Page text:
Questions from you the Athlete
- How can I restrict calories in base to lose weight without negatively impacting recovery?
A) Maybe you don’t need to restrict the calories. Maybe a change in eating habits will do the trick. Maintain a diet that resembles more of a pattern for fueling and recovery then three or four meals a day. If you’re going to play the calorie counting game you need to know your accurate metabolic rate and have a way of knowing how many calories you burn when exercising. The other part of this that’s hard is the makeup of the calories that you’re consuming. Protein, Carbohydrates and Fats (both good and bad fats). Everybody metabolizes the food they consume differently. The makeup of a diet higher in calories coming from protein may benefit one person but not another. In the end if the trend (weight loss) is heading in the right direction, you’re probably doing it right.
- Should I ride my TT bike during the winter?
A) Most athletes have to adapt to their ideal TT bike position. Riding the TT bike year round will help the athlete maintain their TT bike feel and adaption.
- For the older master athlete, what significant training differences should he/she consider?
A) Recovery and power are two areas the Masters athlete needs to focus his training on. Power starts to slowly slip away from older masters athletes. With this in mind a plan to maintain or increase power should be taken on by the older master’s athlete. It should be maintained year round. Recovery days may need to be added into the older master’s athlete training plan more often. Or after a long weekend of racing it’s appropriate for the master’s athlete to take the following week as a recovery week.
- What value & skills do track training and racing bring to the road athlete?
A) Track racing and training benefits the road athlete by increasing his pack riding skills and peak power. Many road races are decided on the athlete’s ability to have peak power. If you don’t have peak power you’re left chasing the lead group. With increased pack ridding skills you will also have the ability to ride more efficiently and recover easier while in the peloton. These are only two benefits, I’m sure there’s more if I thought a little harder about this. Didn’t Wiggins come from a track racing back ground?
- How concerned should I be about my weight?
A) It’s well known that weight is a limiter to endurance athlete’s performance. Understanding how much of a change in weight is needed may not be as obvious. The criteria for understanding how much weight is a limiter in performance is based on Body Fat Present. Lean Body Mass is the athlete’s friend. Non energy producing Fat Mass is going to cost the athlete energy and increase his rate of fatigue. What’s your body fat percentage?
- Should my leg strength be increasing at the gym, weekly?
A) The fundamental phases in a Weight Training Strength building program are; Anatomical Adaptation, Hypotrophy and Max strength. If an athlete is in the Hypotrophy phase they should be increasing their resistant in their exercises to build mitochondria. Increased strength will be a result of this technique.
- How will my lack of core strength and lack of flexibility affect my season?
A) A lack of core strength and flexibility will increase rick of low back muscle strain, inhibit your peak power and increase your fatigue rate. You do a lot of work to improve your cardio fitness and leg fitness. You need to keep in balance with your core strength and flexibility.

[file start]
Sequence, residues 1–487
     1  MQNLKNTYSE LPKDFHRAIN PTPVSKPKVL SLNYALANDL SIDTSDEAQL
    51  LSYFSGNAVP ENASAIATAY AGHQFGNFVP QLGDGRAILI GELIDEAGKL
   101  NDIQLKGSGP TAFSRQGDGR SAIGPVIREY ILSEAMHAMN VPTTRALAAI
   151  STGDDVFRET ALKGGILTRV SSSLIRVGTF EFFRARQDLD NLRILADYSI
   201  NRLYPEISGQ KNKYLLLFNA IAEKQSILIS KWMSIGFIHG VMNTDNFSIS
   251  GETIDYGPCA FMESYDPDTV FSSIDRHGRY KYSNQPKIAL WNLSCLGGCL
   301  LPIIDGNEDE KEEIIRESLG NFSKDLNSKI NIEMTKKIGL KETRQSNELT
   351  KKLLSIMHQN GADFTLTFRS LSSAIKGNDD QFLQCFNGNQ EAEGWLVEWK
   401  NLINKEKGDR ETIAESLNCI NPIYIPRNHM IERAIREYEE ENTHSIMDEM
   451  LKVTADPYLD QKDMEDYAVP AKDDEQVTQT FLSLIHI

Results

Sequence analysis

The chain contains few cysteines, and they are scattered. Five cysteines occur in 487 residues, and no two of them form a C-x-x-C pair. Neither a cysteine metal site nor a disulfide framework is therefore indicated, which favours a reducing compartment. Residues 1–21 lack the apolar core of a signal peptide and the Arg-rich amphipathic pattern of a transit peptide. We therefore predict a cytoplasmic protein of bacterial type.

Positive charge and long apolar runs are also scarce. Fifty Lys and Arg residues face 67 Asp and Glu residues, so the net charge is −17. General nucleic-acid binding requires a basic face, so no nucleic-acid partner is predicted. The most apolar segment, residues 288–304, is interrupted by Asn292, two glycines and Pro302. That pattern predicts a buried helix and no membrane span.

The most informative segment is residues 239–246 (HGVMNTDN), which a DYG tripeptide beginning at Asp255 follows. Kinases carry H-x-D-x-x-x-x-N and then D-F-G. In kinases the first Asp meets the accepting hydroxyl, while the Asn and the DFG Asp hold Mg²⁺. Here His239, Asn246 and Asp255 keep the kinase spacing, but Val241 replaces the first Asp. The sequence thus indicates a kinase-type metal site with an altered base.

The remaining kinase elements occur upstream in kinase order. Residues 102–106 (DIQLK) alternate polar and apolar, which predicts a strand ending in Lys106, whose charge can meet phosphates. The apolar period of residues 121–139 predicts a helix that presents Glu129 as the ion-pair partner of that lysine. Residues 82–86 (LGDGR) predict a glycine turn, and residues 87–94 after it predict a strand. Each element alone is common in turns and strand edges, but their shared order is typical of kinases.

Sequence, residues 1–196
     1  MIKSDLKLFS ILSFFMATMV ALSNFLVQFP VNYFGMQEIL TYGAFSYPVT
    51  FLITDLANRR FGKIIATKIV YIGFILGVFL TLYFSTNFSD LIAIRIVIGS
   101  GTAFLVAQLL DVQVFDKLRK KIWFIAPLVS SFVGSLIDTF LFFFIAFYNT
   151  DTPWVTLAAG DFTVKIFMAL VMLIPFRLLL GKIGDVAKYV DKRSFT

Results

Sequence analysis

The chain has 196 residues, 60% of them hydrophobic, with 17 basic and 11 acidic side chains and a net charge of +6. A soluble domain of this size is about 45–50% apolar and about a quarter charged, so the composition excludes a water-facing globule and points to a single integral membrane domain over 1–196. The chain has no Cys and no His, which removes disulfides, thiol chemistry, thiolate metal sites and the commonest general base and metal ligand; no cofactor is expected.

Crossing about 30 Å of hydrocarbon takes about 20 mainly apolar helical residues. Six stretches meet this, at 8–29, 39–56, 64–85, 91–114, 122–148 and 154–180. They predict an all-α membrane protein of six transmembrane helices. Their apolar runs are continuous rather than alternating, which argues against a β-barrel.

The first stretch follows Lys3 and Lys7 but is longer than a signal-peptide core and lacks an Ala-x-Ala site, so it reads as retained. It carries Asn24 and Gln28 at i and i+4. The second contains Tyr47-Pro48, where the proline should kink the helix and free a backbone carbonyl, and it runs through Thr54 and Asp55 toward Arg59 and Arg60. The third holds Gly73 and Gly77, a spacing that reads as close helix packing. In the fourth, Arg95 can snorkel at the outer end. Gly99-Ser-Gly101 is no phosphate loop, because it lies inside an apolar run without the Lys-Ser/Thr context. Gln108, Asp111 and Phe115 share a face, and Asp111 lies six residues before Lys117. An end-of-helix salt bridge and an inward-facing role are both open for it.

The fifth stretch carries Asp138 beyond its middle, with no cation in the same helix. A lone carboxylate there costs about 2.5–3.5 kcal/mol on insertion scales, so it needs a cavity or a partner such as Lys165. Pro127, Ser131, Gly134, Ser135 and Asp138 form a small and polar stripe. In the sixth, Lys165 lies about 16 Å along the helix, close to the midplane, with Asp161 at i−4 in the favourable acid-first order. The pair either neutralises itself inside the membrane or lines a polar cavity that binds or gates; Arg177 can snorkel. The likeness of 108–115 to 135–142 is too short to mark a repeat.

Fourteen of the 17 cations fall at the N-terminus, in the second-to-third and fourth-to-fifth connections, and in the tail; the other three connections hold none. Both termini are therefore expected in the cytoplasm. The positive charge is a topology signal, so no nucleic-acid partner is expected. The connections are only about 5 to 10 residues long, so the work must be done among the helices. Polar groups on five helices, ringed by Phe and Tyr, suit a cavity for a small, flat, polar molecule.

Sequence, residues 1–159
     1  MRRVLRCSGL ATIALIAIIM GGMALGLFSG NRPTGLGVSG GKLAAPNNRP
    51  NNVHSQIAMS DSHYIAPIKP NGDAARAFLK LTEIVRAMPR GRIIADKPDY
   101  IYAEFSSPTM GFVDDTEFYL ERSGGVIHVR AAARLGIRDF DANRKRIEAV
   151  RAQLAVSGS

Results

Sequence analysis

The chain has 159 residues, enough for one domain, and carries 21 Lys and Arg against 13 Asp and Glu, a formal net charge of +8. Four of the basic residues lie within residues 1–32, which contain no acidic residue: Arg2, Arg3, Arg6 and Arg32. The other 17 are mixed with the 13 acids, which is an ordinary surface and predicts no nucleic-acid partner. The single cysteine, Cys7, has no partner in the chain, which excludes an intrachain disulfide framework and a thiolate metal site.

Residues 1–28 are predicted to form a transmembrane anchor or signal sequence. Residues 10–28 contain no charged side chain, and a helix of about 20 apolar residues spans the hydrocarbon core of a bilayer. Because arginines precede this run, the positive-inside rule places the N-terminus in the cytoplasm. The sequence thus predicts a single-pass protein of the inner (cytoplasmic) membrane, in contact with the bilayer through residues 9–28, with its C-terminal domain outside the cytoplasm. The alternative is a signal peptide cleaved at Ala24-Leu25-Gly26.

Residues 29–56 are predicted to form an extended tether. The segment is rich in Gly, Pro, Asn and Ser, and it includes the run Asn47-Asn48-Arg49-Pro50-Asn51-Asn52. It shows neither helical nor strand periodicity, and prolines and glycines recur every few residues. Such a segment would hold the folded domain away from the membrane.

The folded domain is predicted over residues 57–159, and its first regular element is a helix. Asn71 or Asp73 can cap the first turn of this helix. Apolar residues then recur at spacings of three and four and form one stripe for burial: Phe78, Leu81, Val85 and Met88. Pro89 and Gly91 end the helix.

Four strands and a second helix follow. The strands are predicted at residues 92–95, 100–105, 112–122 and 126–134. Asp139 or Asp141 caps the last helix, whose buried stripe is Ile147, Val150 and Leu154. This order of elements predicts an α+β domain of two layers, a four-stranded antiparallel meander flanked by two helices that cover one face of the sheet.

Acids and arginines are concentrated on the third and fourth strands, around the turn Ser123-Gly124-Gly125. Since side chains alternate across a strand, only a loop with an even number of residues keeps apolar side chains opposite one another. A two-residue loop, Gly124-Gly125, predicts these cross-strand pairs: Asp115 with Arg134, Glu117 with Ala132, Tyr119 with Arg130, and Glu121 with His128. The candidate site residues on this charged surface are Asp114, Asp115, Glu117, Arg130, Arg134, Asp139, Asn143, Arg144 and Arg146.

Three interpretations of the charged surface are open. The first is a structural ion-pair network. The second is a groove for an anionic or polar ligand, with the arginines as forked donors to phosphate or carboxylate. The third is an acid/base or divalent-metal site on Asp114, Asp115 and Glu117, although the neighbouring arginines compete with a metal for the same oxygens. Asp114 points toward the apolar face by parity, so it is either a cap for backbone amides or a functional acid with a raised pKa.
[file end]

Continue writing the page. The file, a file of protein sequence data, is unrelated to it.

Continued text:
I'll publish our interview on my blog (http://garyb.posterous.com) prior to the May 11 event.
Q: Tell me about your racing background. A: I saw the Nevada City Classic in the mid 70s as a teenager and that sparked my interest to start bike racing. I won the Nevada City Classic the following year as a junior athlete. I raced nationally and here in N. California for my entire cycling career. I raced with the national team on occasion to do south of the border and European stage races. I would do small international trips to race in other countries. I have ten National Championship medals, all in Cyclo Cross; five gold, four silver, and one bronze. All in Cyclo Cross. I was a better athlete in Cyclo Cross and MTB XC then road racing. I did MTB XC and DH events nationally and internationally. I have competed in 7 UCI Cyclo Cross Word Championships and 1 UCI MTB XC Championship. I ended my cycling career in 1991.
Q: What are you doing these days? A: My wife Katie and I have been married for 24 years and we have one daughter, Rebecca who is 18. We live in San Mateo. Immediately after ending my cycling athlete career I started working for USA Cycling in the coaching department. Chris Carmichael was the head of the USAC coaching department at that time. There were a lot of good people involved with USAC coaching at that time. Coaching education was becoming part of USAC as well. I worked for 7 years with USAC as a regional development coach and the national Cyclo Cross team coach. I have also worked with MTB Team Ritchey and athletes along with Dave McLaughlin for about 2 years. I also was starting to work with athletes independently. Currently I have an office in Burlingame where I coach local athletes, do metabolic testing, biomechanical bike fits, skills clinics and work with local amateur teams and clubs.
Q: How and when did you get involved with Team Rwanda Cycling? A: I always told Jock that if he needed a hand to let me know. After about two years he finally was in a position to have others come and help the team Rwanda Athletes. Jock is dedication to the development, funding, political and technical needs of Team Rwanda and the athletes. He works tirelessly to that end. He has Felix, Max and Kim helping him in Rwanda. In April 2010, Jock and I exchanged emails about the opportunity to come for 3 months. Jock came back to Monterey in July and he, my wife Katie and I met at his warehouse to learn more about the trip to Rwanda. My flight was booked shortly after that and on September 1st I was on a flight to Rwanda.